Dylan Verge is a 16-year-old percussionist who plays mostly rock music with his band OK NOW. Verge said his inspiration comes from his emotions. “Sometimes I can write a really pumped-up song about having a good time,” he said, “And then other times when you feel really sad—it could be like you've lost someone—kind of what sounds good as well.”  After high school, he plans on going to Berklee College of Music to become a music professor while still performing shows and gigs because “it comes with a paycheck.” He believes that “practice should not sound good.  If it sounds good, you’re not practicing.”  You can find Dylan on Instagram under the name “oknowofficial.” 
The importance of showing support towards young up-and-comers has been amplified by the rise of social media. Most aspiring musicians have social accounts displaying and promoting their musical talents. The first step to cultural relevance is support on a community level—show some love to these talented individuals by taking your phone out of your pocket, opening up Twitter, Soundcloud, Instagram or whatever, and smash that search bar. You will find thousands of young artists wearing their hearts on their sleeves to entertain the masses.  The young musical mavens of Boston are but a click away. 
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Photo by Michael Rivera
Discovering yourself and what you would like to pursue in the future could be difficult because it requires time and effort. However, by stepping out of your comfort zone and trying new activities in and out of school, you may discover your passion. Once you find it, you have a better idea of who you are. Your passion may lead to personal growth or insight into your future career.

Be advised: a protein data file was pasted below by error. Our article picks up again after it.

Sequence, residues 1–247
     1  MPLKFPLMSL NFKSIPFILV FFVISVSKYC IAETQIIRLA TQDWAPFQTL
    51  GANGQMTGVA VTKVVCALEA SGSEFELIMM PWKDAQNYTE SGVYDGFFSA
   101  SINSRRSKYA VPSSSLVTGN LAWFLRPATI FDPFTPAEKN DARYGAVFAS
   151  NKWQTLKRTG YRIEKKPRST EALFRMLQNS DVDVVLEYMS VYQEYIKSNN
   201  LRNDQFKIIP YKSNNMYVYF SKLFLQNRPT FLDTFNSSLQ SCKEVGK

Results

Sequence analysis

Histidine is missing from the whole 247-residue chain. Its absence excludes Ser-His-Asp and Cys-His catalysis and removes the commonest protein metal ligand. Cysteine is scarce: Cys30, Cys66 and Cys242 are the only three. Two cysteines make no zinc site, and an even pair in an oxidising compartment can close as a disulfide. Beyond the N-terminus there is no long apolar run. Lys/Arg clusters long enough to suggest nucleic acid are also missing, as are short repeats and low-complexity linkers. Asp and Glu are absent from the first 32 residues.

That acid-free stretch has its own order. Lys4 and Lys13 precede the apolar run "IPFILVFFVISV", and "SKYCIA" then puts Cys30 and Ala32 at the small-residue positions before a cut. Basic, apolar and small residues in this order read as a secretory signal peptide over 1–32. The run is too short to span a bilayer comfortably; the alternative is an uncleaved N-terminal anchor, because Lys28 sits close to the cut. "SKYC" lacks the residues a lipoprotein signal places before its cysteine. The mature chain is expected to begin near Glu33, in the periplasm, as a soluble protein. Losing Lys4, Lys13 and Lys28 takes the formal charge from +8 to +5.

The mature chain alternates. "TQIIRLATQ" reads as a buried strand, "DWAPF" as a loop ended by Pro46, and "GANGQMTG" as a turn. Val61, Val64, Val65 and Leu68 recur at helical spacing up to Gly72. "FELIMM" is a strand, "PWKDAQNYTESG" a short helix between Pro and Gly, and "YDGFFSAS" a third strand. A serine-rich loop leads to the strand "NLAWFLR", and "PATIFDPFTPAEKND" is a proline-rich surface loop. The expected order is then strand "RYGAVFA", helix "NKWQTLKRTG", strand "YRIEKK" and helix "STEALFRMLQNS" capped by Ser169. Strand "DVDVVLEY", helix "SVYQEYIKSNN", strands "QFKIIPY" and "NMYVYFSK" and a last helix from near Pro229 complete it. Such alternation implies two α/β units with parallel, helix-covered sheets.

Esther Pierre-Isaac, a senior at City on a Hill, says writing is her passion. Isaac has been writing ever since middle school, which she now does as a daily hobby. “This is my passion because I can express my thoughts on paper,” she said. Whenever Isaac writes, many ideas flow from her head through her fingers and pencil to the paper. Isaac found her passion by doing what she loves, reading every day. “Reading inspires me to write,” she said. “It gives me ideas that brings my feelings on a page to life.” Isaac uses inspiration from her own experiences to write mostly drama and adventure. 
Writing allows Isaac to tell the world who she is. This is why Isaac would love to pursue writing in the future. “I would love to be a journalist. I would love to be an author because I want to share my stories with the world someday.” 
Natalie Nguyen, a senior at  John D. O’Bryant, loves to create art. “My passion is definitely driven in the musical direction as I am an aspiring singer/songwriter and performer. I love to use art as a way to express myself,”  she said. Some of Natalie’s daily hobbies composes of drawing, singing and playing the piano. “I try to set aside at least 30 minutes to just play the piano and sing.” 
Growing up, Nguyen was always surrounded by a variety of Vietnamese music. At the age of 8, she started getting more involved in music when she received her first piano. As she grew older, Nguyen began her music journey from discovering the world of music online, one being YouTube. Due to her exposure to music at a young age, Nguyen said “I knew that I definitely wanted to pursue music.” 
When Nguyen creates art, she does it for the purpose of relating to people. “It is a way to let someone else out there, who is possibly going through a similar situation as me, know that they're not alone and that there's someone advocating for them.” Nguyen also creates art for herself because she feels at peace and safe when she does. “I feel like creating art takes away a lot of my stress because it helps me to calm myself down. Music is a space for me to just express my feelings without feeling judged.”